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severalog

It's not your (segmentation) fault

J. Harry Caufield

Hi there. It's time for a quick market segmentation break. I'm talking about how marketers categorize their audience into different groups, i.e., young people vs. old people or single people vs. families. This segmentation can get very high-resolution once behavioral data enters the picture. You've likely seen those surveys about soda brands and political affiliations.*

For a quick look at your own local market segmentation, plug your ZIP code into this Nielsen site.
My neighborhood is rich in Up-And-Comers (younger people with college educations, no kids, and hybrid Nissan Altimas). If you've seen a lot of targeted advertising in recent years, it's not entirely your fault. Blame your neighbors.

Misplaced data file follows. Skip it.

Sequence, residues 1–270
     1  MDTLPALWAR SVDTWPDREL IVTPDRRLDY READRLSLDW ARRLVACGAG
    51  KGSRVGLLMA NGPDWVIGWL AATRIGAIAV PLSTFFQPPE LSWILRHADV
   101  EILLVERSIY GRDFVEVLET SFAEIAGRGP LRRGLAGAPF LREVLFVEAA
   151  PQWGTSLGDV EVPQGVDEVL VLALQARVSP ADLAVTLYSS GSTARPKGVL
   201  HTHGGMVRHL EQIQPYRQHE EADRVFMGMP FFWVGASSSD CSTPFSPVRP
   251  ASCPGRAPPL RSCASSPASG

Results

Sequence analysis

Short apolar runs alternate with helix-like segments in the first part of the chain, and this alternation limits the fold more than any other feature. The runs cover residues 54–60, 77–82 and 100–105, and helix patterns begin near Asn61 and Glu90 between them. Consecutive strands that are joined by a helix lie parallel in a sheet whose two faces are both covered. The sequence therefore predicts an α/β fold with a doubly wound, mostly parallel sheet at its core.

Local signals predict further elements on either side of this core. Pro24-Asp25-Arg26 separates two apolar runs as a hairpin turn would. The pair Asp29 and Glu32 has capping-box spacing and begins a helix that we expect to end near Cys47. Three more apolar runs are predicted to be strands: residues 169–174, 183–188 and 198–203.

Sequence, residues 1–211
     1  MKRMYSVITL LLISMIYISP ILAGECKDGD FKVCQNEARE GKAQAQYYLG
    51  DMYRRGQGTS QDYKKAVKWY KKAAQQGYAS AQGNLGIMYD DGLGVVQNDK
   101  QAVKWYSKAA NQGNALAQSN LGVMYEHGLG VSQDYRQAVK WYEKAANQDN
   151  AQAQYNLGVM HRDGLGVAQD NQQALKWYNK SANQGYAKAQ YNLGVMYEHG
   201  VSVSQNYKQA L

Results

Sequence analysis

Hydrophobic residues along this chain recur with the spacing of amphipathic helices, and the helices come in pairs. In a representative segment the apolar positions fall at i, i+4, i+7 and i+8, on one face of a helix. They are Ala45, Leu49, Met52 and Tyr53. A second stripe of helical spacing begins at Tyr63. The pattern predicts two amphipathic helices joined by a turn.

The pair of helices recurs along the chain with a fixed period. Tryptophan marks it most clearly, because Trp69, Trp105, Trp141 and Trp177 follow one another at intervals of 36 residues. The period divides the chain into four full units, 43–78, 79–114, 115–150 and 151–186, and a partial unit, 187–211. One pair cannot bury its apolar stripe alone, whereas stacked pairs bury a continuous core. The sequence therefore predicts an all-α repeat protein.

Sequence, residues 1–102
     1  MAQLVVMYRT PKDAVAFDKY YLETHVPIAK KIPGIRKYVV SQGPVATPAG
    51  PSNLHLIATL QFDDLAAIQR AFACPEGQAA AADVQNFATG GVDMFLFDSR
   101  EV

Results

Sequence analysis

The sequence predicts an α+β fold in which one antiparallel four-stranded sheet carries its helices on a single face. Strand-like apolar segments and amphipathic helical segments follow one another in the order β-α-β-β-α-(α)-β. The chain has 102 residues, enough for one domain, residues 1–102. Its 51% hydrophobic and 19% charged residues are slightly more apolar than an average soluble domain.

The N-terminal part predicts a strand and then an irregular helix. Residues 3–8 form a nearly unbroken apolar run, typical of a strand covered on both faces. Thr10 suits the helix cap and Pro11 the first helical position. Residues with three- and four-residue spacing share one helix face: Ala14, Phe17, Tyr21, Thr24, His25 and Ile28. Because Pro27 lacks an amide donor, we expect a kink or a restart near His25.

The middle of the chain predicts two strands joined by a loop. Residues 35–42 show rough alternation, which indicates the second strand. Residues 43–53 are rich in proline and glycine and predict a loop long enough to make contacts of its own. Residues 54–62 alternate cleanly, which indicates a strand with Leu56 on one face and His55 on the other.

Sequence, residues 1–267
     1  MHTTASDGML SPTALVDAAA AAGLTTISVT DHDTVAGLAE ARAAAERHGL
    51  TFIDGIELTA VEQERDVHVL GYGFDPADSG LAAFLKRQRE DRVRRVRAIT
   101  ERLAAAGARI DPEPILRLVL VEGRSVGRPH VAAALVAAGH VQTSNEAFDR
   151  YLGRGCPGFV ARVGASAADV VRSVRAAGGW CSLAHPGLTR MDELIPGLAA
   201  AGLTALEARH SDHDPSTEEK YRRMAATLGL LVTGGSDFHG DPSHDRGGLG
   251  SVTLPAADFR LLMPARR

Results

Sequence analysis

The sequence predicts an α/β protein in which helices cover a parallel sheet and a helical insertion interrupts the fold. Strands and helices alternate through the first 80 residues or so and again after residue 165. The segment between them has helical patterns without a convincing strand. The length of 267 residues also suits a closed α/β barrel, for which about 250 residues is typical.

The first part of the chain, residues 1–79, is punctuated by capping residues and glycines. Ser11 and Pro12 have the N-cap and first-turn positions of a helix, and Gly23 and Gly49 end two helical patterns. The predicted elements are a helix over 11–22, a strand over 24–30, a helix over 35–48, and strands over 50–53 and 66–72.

There are some clear comparisons to be made here between marketing demographics and microbial ecology. The taxonomy tends to be more clear-cut when it comes to microbial species, but both microbes and humans occupy specific niches for specific reasons. I'd also guess that, much as microbial cultures usually involve more than one species,** human societies rarely match any specific market segment. If they did, the segmentation model wouldn't be terribly useful.

I tend to be inherently distrustful of marketing but its methods could offer some novel insights into microbial communities.

*Also relevant from that survey: the question "Is Olive Garden Authentic?"

**Plus phage!